Red bean ginger mochi
dusted with cinnamon
They had plenty of activities and games for kids (including yo-yo, origami, face painting, design your own hachimaki) and a nice range of food. Sadly Ittoku ran out of yakisoba early and then sold out of okonomiyaki but there was sushi and edamame from Hana Japan and lots of fresh mochi from Mochi Kitchen. BHS students sold onigiri and baked goods. I spoke with Chiki-san afterwards and he said Ittoku would definitely be happy to be back next year!

Tewassa table
Tewassa, The Genki Spark, and some of the other taiko groups sold new and used Japanese and Japanese-inspired goods, some of which were handmade. BHS students were also selling handmade origami earrings.

Karen Young, founder and artistic director of The Genki Spark, said in her thank yous that this matsuri is community-driven and wouldn't happen without the help of all the participating groups, organizations, and businesses and the volunteers. This year's matsuri was staged in partnership with: The Japan Society of Boston, Showa Boston, the New England chapter of the Japanese American Citizens League, and two other Brookline schools: the Amos A. Lawrence School and the William H. Lincoln School. Food vendors were: Hana Japan (Newburyport), Ittoku (Brighton), and Mochi Kitchen (Somerville). The matsuri was sponsored by the Brookline Commission for the Arts, Temple University Japan, The Japan Foundation, New York, and the Brookline High School PTO. If you're a member of a Japanese or Japanese American group and would like to participate next year or you'd just like to volunteer as an individual you should contact Karen!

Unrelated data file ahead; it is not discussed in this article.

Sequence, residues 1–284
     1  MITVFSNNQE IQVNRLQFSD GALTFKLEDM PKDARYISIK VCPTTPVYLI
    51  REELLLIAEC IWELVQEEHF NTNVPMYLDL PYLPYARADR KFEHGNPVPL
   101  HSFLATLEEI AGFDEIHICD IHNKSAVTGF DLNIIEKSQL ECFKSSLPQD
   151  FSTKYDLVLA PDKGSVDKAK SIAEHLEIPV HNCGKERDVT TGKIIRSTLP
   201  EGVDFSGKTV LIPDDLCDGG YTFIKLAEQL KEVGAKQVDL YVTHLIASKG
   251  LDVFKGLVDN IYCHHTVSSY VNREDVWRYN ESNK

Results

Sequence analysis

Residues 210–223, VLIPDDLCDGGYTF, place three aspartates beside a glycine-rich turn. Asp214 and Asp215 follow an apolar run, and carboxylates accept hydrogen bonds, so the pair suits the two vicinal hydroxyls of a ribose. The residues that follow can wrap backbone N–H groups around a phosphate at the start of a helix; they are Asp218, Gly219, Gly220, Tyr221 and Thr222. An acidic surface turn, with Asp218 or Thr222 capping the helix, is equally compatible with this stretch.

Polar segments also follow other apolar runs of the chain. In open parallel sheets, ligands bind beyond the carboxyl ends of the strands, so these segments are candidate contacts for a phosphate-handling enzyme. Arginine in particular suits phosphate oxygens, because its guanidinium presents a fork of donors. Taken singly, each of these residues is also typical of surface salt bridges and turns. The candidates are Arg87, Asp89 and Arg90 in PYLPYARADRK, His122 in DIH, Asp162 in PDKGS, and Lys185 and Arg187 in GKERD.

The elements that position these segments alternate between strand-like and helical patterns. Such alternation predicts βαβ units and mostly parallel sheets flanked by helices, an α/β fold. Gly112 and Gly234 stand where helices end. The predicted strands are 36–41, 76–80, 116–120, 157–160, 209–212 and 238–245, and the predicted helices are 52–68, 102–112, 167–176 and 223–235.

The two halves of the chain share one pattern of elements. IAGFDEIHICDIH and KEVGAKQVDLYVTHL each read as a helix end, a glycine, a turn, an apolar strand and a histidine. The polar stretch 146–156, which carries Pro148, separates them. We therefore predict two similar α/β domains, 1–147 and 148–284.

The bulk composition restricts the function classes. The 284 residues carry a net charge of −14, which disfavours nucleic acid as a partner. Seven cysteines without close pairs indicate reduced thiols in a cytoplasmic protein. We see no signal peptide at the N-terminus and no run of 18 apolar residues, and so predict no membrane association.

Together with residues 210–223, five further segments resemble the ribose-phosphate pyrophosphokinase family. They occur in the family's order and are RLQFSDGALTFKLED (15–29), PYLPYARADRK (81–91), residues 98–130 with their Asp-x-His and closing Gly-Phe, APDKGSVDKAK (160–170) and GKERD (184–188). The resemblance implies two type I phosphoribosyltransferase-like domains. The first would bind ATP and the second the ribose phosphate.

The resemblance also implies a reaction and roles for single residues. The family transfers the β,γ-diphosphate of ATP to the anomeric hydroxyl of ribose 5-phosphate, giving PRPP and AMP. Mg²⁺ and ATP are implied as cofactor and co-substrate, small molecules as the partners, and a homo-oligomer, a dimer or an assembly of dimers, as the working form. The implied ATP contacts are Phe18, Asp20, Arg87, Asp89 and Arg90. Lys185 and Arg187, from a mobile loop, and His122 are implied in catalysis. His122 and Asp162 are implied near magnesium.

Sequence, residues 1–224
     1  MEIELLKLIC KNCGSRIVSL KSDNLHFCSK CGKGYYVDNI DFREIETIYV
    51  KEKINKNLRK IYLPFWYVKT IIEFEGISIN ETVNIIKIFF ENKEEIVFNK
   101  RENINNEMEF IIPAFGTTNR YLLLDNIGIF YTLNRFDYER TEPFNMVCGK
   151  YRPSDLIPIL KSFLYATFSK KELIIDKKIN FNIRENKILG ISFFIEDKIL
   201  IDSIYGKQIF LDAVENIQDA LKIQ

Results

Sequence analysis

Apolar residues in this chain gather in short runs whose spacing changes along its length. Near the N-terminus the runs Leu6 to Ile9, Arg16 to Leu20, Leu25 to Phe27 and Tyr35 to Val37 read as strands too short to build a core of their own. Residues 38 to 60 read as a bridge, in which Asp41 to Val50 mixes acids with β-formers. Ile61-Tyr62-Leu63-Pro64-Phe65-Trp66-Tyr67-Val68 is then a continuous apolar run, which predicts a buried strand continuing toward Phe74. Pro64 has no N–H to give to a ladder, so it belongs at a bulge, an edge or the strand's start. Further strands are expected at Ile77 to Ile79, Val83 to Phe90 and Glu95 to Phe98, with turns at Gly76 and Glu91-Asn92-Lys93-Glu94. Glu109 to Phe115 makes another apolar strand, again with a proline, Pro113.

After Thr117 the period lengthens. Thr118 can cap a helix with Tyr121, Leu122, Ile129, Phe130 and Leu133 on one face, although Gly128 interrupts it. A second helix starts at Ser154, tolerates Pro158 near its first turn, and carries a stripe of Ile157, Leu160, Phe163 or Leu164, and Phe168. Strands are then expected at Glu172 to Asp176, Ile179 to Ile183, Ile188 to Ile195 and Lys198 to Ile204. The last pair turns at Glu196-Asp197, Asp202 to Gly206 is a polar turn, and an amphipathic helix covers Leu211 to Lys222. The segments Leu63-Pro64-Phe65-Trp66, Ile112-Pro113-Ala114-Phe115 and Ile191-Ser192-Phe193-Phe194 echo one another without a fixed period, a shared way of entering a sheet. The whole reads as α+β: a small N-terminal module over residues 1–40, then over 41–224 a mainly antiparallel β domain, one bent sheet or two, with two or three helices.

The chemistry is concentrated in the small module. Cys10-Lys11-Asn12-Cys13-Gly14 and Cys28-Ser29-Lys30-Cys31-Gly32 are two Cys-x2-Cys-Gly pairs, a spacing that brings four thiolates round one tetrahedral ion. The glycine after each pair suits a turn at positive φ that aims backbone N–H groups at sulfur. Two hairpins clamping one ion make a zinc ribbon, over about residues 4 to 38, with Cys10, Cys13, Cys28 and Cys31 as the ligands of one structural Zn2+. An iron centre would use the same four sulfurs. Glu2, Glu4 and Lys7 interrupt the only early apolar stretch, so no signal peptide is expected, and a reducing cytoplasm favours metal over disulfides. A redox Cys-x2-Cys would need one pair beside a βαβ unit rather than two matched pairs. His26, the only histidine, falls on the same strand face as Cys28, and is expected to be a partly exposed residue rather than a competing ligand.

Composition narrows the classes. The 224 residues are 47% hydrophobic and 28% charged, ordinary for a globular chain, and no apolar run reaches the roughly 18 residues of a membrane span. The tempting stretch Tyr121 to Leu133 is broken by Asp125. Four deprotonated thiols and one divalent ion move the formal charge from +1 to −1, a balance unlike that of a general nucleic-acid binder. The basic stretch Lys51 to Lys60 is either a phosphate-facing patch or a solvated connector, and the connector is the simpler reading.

Karen, Genki Spark members, Brookline High School teachers & students - otsukaresama desu!

Some photos below. Additional photos here.

Takahashi Minyo Kai

Miyano Takahashi, owner of Hana Japan, Newburport
and founder of Takahashi Minyo Kai

Right: Karen Young, founder and artistic director of The Genki Spark

Odaiko New England

Boston Miyake Taiko

Shishimai - Stuart Paton of Burlington Taiko

The Genki Spark

Finale - all groups

Wednesday, May 7, 2014

Film: Vincent Who? @ Boston Public Library